Harry Redknapp's team showed their spirit and, in a wacky game of contrasting halves, they missed a penalty and nearly completed an outlandish comeback against a Fulham side that finished with 10 men after the harsh dismissal of Steve Sidwell.
But the blood and thunder could not mask the fundamental truth. Rangers really needed to win, yet they defended like schoolboys to leave themselves with too much to do.
Redknapp lamented a "disastrous" first half, which was scarred by "the worst goals I've ever seen in my life" and in the roll-call of shame, one man stood head and shoulders above the rest.
At 6ft 5in Christopher Samba has the capacity to do so but his performance was a personal nightmare that made a mockery of his £12.5m January transfer fee and the notion that he could be the club's survival talisman.
Redknapp even suggested that Samba had taken it upon himself to go up front after Sidwell's 78th-minute red card for a lunge at Armand Traoré, even though he wanted intelligent probing to expose the 10 men rather than high balls to the big lad. It must be said that Redknapp tied himself in knots on this point and was not entirely clear as the frustration of yet more squandered points bit hard.
At full-time Redknapp shook hands with his counterpart, Martin Jol, before making his way alone to the tunnel in the corner of Craven Cottage. He has 19 points from his 18 matches at Rangers but the club remain seven adrift of safety and have only seven matches to play. No team in Premier League history has escaped from such a position.
"We murdered them in the second half," Redknapp said, and there was a barnstorming quality about the Rangers revival, which had been ignited at the end of the first half when Giorgos Karagounis's loose back-pass led to Adel Taarabt beating Mark Schwarzer from distance.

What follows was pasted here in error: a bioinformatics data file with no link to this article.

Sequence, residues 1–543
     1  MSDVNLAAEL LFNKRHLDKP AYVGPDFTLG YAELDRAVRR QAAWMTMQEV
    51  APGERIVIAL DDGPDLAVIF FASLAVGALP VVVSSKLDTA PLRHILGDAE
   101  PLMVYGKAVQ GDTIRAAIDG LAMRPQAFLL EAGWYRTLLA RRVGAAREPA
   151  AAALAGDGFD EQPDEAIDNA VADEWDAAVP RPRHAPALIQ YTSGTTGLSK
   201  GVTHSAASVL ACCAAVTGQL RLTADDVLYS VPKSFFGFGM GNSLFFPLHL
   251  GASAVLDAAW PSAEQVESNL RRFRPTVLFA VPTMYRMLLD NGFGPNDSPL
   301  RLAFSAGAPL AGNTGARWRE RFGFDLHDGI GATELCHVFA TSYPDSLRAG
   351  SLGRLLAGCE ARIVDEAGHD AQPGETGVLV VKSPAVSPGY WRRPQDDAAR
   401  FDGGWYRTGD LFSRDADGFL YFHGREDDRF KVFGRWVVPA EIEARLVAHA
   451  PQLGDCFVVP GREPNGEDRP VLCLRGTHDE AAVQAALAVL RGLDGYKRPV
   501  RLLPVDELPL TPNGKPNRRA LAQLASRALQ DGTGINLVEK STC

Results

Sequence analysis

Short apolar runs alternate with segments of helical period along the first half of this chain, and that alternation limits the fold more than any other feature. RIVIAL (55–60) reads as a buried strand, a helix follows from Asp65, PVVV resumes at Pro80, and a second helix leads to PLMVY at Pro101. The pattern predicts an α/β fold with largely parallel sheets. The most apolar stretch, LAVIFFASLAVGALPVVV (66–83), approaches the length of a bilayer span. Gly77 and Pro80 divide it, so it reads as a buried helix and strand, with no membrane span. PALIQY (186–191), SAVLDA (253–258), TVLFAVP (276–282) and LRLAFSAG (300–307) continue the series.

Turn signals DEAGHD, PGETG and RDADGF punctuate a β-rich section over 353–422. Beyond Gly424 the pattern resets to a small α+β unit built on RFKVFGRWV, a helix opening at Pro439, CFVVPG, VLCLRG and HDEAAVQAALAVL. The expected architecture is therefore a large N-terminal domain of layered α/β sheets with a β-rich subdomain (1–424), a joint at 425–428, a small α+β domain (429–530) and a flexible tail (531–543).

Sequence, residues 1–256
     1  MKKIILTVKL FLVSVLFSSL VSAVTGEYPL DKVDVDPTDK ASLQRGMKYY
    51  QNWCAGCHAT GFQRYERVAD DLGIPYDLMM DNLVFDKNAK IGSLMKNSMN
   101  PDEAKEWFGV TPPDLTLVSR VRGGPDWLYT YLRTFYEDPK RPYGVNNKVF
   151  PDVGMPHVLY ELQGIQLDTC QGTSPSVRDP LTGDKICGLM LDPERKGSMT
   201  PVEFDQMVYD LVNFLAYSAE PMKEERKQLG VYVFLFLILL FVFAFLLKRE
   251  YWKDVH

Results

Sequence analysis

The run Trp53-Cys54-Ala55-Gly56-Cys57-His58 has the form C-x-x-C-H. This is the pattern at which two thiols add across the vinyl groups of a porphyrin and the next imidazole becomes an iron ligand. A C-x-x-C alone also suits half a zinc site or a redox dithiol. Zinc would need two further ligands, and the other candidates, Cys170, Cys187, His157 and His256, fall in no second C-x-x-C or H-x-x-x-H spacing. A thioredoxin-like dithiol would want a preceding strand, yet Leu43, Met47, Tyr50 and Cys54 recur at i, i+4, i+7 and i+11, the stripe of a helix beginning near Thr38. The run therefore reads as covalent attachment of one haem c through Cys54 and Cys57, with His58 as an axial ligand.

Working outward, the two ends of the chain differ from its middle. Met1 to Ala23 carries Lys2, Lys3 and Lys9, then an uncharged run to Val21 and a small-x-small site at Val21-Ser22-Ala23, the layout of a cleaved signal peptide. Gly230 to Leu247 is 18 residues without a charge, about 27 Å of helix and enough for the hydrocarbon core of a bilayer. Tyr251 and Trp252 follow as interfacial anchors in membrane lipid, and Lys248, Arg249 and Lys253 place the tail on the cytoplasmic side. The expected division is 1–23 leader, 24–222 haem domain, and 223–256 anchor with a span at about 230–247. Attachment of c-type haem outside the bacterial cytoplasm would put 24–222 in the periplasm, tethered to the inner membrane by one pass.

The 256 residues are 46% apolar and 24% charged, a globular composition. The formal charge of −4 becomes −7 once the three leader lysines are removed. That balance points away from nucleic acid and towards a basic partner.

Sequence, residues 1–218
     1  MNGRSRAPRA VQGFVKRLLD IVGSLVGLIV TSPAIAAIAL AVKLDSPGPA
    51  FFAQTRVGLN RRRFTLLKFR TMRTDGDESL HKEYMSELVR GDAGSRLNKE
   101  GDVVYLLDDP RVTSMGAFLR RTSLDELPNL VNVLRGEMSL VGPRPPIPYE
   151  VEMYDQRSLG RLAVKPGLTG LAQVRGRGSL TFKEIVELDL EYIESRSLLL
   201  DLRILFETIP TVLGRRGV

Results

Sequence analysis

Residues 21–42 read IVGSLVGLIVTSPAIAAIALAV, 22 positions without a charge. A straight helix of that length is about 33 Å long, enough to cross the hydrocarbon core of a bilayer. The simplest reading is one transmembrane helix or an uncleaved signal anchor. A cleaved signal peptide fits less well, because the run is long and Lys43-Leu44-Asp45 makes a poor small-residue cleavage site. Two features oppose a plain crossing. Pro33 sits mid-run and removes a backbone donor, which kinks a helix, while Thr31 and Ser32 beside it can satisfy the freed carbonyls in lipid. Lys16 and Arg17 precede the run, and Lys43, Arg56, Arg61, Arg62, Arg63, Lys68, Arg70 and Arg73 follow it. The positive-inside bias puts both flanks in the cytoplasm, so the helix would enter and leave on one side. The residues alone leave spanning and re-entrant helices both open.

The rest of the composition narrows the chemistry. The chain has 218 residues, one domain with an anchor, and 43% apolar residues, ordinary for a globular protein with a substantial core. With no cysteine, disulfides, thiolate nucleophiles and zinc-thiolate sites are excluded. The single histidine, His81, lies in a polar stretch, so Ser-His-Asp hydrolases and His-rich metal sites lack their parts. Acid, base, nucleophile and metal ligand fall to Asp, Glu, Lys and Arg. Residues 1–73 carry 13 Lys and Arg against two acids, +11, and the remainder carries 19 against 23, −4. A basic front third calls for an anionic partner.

Taarabt tricked Karagounis into nibbling at his ankles after the interval only for Loïc Rémy to telegraph his intentions from the spot and Schwarzer to read them and save. Yet Rémy hit back with a brilliant finish from Stéphane Mbia's pass and the visitors created a clutch of presentable chances, with Rémy blowing the best of them after he had beaten Brede Hangeland. Dimitar Berbatov called Fulham's defending "childish".
But Rangers' had been some way worse and Samba's catalogue of errors proved impossible to salvage. The first aberration had him losing his bearings and hacking down Ashkan Dejagah for a penalty that Berbatov tucked away without missing a heartbeat.
The second, though, was the most grisly. Samba dwelt on the ball as the last man when under pressure from Damien Duff and prodded the ball at Berbatov who eased into space to beat Julio César. "You can see which players are nervous and you look to push and press with them, which was the case with the second goal," Berbatov said.
"He is a clever guy, Berbatov," Redknapp said, sarcastically.
Fulham could have been further in front by then. Duff drew an early save from Julio César while Hangeland fluffed a free header. Berbatov dazzled in front of the TV cameras, drawing the breath when he beat Traoré with one touch from a high ball on the byline and Fulham's comfort in possession was indictment enough of Rangers' defending.
The third goal came when Hangeland's back-heel exposed Samba in embarrassing fashion and John Arne Riise's driven cross hit Clint Hill and flew home.
Samba tweeted a grovelling apology to Rangers' fans afterwards. "I can't say sorry enough," he said, and there was the accompanying promise to fight on.
But as Fulham embraced the near certainty of safety, the outlook was rather more grim for their neighbours.
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